Gyles Brandreth is extolling the benefits of humour. “What the world needs now is jokes – and the more of them the better,” he insists cheerfully.
o prove the point, he reels off a rib-tickling selection – from classic knock-knock jokes to puns and Shaggy Dog stories – which all feature in his new book, The Best Worst Joke Book In The World! What’s Black & White & Red All Over?
“A lot of them are ‘Dad jokes’, like, ‘What’s black and white and red all over? A sunburned Zebra’. Jokes don’t have to be good – in fact, often the worse they are the funnier they are,” he declares, revealing he tested many of the jokes in the book on his seven grandchildren, aged four to 16.
Genial, witty and exuding seemingly endless energy and enthusiasm, humour is just one string to the 72-year-old’s bow. He’s worked in politics (he’s a former Conservative MP) and is an author, actor, presenter and a regular on comedy panel shows, such as the BBC’s Just A Minute.
Humour, he believes, can bring vital light relief during dark times. “It can be such a lift to the spirits to laugh at silliness and jokes. Laughter really is the best medicine,” he asserts.
“Dark times produce jokes because sharing them and groaning about the bad ones helps us establish social bonds,” he adds. “For instance, ‘Let me tell you my favourite coronavirus joke – of course, we’ll have to wait two weeks for you to get it!'”
Science is on his side too: “It’s also been proved that physical things happen to us when we laugh – endorphins in the brain are released and promote a sense of calm and wellbeing.”
Brandreth, who – tongue-in-cheek – describes himself as a ‘Master of Funny’, has collected jokes for 50 years. He’s written a string of joke books and in the Eighties provided funnies and riddles for a leading breakfast cereal brand and a Christmas cracker company.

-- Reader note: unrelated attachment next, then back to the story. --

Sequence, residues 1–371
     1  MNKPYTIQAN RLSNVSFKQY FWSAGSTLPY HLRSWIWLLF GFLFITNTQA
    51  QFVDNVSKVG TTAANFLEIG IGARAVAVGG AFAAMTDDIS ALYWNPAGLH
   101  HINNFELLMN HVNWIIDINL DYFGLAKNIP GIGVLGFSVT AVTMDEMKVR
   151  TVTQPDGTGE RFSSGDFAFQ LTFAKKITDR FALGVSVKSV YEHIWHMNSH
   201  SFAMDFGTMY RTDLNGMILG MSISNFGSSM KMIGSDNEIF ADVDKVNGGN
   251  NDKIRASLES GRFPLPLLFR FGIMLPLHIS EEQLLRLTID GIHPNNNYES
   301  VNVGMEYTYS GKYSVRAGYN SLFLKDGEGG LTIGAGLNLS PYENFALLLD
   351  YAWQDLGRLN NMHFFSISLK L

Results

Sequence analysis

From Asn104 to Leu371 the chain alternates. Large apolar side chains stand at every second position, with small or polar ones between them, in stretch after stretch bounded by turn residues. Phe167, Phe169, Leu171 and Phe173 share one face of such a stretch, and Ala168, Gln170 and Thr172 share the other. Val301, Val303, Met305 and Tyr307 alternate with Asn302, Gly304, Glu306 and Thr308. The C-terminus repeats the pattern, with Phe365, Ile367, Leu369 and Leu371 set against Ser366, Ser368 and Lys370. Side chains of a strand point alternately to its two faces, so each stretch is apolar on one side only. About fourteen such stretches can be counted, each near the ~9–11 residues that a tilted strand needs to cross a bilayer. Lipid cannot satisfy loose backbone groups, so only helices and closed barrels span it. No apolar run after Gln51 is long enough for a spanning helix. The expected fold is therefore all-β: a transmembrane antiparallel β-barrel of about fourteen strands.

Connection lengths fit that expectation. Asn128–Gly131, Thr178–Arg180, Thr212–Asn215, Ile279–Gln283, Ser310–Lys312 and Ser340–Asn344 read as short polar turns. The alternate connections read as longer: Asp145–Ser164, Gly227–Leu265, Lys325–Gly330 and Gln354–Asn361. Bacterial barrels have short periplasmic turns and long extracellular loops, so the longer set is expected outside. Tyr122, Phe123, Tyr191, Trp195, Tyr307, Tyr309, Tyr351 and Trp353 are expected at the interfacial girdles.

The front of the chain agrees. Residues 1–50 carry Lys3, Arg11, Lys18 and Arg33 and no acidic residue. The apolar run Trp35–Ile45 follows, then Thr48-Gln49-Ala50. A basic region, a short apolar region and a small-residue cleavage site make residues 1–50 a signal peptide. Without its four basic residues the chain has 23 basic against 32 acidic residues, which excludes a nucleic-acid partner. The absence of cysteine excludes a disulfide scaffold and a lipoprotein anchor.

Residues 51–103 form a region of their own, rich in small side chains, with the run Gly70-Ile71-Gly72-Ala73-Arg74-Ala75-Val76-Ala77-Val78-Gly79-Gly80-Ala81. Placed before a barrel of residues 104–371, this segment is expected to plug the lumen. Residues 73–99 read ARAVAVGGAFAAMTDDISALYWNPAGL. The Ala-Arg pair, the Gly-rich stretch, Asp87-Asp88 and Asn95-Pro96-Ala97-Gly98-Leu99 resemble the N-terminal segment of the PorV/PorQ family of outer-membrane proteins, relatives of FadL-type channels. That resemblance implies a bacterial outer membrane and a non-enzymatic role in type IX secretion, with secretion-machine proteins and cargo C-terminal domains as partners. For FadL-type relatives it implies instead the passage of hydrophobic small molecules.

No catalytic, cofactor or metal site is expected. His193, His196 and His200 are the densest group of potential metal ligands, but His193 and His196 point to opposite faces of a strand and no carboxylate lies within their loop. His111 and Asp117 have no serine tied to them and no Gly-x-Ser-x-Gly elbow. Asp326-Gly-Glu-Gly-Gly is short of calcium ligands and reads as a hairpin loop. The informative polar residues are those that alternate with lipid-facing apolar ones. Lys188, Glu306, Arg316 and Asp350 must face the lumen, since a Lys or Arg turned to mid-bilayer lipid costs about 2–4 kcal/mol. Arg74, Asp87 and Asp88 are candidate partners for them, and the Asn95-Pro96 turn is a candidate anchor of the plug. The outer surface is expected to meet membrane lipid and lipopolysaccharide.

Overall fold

Currently, he’s starring with Sheila Hancock in Channel 4’s Great Canal Journeys, where humorous bickering and banter are the order of the day.
The pair are following in the boating footsteps of Timothy West and his wife Prunella Scales, who turned the charming show, where the devoted pair gracefully coped with Scales’ dementia, into cult viewing.
“It was perfect for us, as we both talk non-stop – although Sheila wouldn’t agree and says I’m the one who never shuts up. Funnily enough, my wife says the same thing about me,” Brandreth notes.
The experience further cemented his conviction that ageing is “just about numbers and irrelevant. Sheila’s 87 and fitter than I am – a lot sharper than me, quite frighteningly so at times! Judi Dench (85) is another pal and, like Sheila, still learning her lines and is as busy as ever. So I’m definitely not having anything to do with ageing or retiring.”
Maintaining his own mental agility is one the reasons he’s learnt a poem a day since the first lockdown in March. He’s added to that challenge during the current restrictions by learning a joke a day.